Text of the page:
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When I woke up this morning, a word that most of us don’t wish to talk about, but it is one we must accept as being real. Recently, there have been cases of this dreadful disease right in our presence. Most of us, I would venture to say have had either family members or friends to be diagnosed with Alzheimer. It is alarming and heartbreaking to know or see a person functioning properly or in a normal fashion, and suddenly there is a drastic change in behavior and memory. It is overwhelming to see a person so vibrant and alert drift off into another dimension. This week I have witnessed two families who are dealing with Alzheimer and they are devastated and rightfully so. It changes not only the victim, but members of a family who have to make provisions, decisions or take care of the love one. Most of the time the family becomes frustrated and broken, not only because of the Alzheimer, but because they do not know what to do or where to seek help. As I recently heard someone say, “We are all in this fight together: researchers, study participants, family members, and friends. Just imagine finding a cure for this dreadful disease and seeing a future without Alzheimer’s disease.” May we all do our part in supporting the efforts of finding a cure.
When we used to hear the old saints pray and say, “I’m so glad that when I woke up this morning and was in my right mind, I couldn’t do anything but thank God.” It was a testimony that all of us can appreciate and still give God thanks.
According to the National Institute of Aging, Alzheimer’s disease is a brain disorder that slowly destroys memory and thinking skills, and eventually, the ability to carry out the simplest of tasks. In most people with Alzheimer’s, symptoms first appear later in life. Estimates vary, but experts suggest that more than 6 million Americans, most of them age 65 or older, may have dementia caused by Alzheimer’s.
One of the observations for me has been the wear and tear on care givers physically, emotionally and financially. Again, in many cases they don’t know where to start. My first recommendation would be for the family or caregivers to find a support group. During my time of pastoring, I have had the privilege of attending a support group just to observe what they had to offer families and caregivers. I was deeply impressed to see persons share their experiences, bond with each other, receive emotional comfort, receive resource material and much more. Regretfully, the pandemic impacted the support group in such a way that in-person sessions were discontinued. It is a joy to recognize and express sincere appreciation to Sisters Barbara Stevenson and Gabriel Peace for the services they have rendered to so many families in the past.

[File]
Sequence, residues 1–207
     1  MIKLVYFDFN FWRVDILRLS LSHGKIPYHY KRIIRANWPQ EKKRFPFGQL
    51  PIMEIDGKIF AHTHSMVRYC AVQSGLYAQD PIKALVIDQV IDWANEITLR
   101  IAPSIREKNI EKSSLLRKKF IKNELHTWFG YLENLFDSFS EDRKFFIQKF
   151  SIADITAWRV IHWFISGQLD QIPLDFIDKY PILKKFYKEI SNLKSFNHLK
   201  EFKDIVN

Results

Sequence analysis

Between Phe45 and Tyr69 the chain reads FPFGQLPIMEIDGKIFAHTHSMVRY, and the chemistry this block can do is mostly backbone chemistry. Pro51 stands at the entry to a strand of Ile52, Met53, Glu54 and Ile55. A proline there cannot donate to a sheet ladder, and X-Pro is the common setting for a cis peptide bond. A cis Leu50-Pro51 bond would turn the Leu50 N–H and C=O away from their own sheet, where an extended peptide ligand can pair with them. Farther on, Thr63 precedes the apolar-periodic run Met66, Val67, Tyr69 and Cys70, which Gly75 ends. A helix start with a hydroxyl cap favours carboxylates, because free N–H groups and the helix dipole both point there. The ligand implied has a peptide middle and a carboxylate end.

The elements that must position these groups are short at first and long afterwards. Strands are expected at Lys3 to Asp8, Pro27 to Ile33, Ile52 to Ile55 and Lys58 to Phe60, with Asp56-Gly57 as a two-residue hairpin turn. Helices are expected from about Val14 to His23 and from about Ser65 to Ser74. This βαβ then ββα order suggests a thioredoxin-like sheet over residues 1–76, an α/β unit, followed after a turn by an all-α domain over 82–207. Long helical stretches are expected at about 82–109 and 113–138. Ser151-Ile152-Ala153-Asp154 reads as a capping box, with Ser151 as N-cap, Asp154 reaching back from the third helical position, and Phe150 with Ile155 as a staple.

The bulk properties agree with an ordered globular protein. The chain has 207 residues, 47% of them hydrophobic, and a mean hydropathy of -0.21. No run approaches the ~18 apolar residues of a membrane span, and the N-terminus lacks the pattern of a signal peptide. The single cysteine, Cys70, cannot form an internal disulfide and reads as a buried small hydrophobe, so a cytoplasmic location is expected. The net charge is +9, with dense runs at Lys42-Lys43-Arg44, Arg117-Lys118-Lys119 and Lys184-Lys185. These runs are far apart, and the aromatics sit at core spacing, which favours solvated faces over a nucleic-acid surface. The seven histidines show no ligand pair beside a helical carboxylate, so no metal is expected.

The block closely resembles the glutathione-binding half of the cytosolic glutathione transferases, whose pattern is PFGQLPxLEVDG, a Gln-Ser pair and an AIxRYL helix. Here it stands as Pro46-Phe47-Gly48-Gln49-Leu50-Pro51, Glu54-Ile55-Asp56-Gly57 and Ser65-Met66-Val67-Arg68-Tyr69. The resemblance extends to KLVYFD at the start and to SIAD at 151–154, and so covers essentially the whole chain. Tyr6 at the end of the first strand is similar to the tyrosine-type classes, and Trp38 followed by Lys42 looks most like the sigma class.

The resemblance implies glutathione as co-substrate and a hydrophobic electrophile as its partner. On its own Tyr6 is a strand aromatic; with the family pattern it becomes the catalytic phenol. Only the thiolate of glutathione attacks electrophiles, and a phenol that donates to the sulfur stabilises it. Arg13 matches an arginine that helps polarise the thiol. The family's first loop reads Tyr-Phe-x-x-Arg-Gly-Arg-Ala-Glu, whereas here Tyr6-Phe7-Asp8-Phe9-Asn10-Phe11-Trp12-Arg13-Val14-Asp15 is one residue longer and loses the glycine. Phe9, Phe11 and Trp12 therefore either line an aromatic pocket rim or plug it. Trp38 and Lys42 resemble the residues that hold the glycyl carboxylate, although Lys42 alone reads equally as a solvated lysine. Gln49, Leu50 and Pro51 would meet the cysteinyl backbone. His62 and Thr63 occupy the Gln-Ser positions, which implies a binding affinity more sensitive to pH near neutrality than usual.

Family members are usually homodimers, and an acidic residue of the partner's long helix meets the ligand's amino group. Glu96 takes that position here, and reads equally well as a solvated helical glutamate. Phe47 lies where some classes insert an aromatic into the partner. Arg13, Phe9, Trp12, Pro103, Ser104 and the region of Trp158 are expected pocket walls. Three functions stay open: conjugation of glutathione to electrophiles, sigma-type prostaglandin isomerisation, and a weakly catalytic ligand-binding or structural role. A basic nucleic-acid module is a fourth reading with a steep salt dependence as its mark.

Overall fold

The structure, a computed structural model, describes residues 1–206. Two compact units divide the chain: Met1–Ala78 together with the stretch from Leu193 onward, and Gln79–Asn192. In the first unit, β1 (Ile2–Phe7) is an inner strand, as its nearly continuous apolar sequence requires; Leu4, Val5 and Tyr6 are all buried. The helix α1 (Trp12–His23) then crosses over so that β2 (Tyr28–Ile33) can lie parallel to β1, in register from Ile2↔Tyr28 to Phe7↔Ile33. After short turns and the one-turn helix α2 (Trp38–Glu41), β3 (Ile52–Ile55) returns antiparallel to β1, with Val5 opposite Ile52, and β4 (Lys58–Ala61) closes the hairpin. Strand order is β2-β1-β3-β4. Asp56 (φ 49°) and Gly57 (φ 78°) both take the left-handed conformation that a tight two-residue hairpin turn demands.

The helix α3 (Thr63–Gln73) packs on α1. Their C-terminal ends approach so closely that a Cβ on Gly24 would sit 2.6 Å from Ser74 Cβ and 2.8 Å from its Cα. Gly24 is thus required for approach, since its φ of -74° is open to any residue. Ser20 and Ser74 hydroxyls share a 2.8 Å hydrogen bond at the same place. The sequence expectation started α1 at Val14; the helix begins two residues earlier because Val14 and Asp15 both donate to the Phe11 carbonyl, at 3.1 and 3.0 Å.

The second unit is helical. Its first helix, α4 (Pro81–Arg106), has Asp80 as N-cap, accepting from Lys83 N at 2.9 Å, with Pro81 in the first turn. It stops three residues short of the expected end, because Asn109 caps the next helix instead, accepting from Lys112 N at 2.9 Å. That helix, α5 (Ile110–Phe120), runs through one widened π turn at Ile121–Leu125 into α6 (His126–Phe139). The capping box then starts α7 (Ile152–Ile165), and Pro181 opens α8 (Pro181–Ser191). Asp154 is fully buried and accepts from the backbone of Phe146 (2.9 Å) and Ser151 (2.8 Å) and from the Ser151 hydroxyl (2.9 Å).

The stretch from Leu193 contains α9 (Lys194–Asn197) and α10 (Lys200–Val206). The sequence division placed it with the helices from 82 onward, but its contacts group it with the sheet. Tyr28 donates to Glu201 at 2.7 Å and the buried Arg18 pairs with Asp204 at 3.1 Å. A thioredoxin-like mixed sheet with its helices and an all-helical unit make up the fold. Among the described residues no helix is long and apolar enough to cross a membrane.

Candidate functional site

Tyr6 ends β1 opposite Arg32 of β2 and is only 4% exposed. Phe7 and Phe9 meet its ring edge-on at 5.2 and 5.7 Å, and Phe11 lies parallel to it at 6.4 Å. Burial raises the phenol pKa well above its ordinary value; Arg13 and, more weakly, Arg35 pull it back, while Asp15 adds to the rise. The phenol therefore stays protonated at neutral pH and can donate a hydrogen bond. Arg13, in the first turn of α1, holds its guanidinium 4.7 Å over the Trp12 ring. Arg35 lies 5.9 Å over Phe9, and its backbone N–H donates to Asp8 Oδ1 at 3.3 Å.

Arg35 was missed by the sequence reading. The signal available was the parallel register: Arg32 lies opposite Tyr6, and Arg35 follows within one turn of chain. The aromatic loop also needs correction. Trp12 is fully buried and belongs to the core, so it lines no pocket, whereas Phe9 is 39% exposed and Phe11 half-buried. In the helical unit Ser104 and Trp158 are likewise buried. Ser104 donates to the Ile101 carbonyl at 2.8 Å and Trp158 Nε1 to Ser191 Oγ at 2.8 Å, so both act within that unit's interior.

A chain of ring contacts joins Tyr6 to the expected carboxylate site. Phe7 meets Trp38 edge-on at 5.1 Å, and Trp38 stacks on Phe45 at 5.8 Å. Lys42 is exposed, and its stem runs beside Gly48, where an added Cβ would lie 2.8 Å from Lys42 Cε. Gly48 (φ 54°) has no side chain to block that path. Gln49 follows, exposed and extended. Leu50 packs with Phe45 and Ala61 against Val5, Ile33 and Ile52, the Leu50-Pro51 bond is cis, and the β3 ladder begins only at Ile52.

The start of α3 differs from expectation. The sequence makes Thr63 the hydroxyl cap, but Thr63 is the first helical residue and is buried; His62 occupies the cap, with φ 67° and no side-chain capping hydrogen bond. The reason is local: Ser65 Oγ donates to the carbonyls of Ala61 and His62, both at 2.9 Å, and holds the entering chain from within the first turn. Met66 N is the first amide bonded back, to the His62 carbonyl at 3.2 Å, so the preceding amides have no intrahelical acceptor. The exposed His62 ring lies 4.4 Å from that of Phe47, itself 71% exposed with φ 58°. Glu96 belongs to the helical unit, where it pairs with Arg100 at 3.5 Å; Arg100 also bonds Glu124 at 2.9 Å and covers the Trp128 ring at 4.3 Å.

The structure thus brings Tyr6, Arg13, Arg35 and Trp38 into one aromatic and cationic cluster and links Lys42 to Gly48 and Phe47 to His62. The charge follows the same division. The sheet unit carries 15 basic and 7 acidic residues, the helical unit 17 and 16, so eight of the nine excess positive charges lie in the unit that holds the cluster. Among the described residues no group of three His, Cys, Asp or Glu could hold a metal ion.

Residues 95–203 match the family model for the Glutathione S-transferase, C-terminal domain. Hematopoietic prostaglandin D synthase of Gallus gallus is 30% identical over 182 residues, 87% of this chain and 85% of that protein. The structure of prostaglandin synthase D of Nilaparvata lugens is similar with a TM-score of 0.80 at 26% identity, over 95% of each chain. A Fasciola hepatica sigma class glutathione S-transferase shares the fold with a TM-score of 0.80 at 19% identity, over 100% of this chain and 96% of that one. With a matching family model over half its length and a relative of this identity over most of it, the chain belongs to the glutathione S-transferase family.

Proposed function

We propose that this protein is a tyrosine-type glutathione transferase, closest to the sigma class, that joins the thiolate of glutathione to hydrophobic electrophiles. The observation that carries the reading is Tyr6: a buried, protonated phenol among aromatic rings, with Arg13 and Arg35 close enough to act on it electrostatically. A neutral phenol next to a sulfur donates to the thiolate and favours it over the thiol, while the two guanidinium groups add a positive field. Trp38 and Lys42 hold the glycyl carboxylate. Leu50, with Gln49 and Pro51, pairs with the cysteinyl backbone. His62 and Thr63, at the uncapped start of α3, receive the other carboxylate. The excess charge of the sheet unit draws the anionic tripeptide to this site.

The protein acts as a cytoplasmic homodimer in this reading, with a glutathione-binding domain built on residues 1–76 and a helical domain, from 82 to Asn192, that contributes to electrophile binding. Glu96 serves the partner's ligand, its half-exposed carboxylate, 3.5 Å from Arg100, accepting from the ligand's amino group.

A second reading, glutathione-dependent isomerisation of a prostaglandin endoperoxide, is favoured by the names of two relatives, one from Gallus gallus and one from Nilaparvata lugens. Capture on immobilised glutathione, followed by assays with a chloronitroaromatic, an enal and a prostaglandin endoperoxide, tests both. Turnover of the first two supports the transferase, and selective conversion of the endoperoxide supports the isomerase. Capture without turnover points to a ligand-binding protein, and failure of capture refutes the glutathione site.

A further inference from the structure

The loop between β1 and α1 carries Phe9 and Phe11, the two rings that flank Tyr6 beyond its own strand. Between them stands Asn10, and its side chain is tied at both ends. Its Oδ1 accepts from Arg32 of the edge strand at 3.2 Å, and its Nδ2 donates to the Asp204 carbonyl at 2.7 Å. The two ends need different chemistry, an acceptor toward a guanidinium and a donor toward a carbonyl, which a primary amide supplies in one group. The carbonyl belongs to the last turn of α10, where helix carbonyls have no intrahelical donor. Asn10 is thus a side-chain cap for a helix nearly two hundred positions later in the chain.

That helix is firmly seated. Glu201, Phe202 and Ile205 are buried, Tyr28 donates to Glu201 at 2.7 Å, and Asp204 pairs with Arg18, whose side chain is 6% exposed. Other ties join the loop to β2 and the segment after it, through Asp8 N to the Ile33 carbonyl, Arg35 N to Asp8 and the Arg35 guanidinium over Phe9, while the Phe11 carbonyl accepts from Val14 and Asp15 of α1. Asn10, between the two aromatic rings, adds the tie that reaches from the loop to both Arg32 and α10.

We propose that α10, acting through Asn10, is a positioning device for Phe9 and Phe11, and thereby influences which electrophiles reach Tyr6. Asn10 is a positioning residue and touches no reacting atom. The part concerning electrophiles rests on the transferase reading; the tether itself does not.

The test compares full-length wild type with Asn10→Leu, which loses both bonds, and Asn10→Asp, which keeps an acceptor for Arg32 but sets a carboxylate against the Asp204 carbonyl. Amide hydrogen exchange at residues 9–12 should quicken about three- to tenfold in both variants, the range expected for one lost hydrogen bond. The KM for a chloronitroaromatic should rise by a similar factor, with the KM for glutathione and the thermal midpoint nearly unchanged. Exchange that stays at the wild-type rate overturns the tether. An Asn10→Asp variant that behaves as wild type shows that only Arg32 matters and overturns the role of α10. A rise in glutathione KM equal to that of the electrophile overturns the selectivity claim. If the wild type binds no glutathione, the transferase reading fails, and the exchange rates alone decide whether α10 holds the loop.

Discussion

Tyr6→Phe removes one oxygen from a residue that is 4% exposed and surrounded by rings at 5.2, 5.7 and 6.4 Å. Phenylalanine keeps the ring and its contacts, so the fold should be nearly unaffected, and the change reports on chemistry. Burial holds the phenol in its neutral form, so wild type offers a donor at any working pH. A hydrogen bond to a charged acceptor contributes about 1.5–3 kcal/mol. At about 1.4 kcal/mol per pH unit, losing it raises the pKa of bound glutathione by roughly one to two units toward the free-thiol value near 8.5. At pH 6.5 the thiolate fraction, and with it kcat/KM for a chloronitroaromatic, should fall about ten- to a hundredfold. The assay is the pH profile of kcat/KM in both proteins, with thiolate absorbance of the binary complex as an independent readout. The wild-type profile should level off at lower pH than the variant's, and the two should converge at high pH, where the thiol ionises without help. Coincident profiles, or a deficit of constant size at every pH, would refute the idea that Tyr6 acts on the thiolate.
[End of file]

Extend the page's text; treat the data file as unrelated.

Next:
Secondly, surely a church can help a family in some way. Maybe prepare a meal, run errands, or provide coverage so that the care giver can take a break. Too often we watch families suffer and become overburdened because they have no alternative, but to carry the load all alone. I believe one of the weaknesses of the Church is the lack of support given to members once they have become unable to be a participant in different aspects of the Church. In other words, we have a tendency of forgetting people when they are unable to pay their tithes, attend worship, serve, etc. It does not have to be a person with Alzheimer, the mere fact that one has become old and fragile have been reasons for persons to be forgotten and overlooked.
Thirdly, support the Alzheimer’s cause with your financial contributions. There are many organizations who sponsor walks, workshops, etc. that would readily receive your gifts. You may even call the Alzheimer’s headquarters for more detailed information.
The closest thing to describing a deterioration of the mind and thinking in the Bible can be found in Ecclesiastes 12:6, “before the silver cord is removed, and the golden bowl is crushed, and the jar at the spring is broken, and the waterwheel for the cistern is crushed.” Please read Ecclesiastes 12:1-8.
The “Golden Bowl” is the brain that contains our precious memories that cause us to function in an independent and normal manner. The crushing of the golden bowl describes the breaking down at death of the brain and its functions in the bowl-like cranium of the head.
What we must remember and hold onto is the fact that no matter what our circumstances, there is still hope. The Bible tells us, “And we know that for those who love God all things work together for good, for those who are called according to his purpose” (Romans8:28). God does not say that all things are good, but He does work for the good in all things.
Not a sermon, just my thoughts!
Robert Earl Slade, Pastor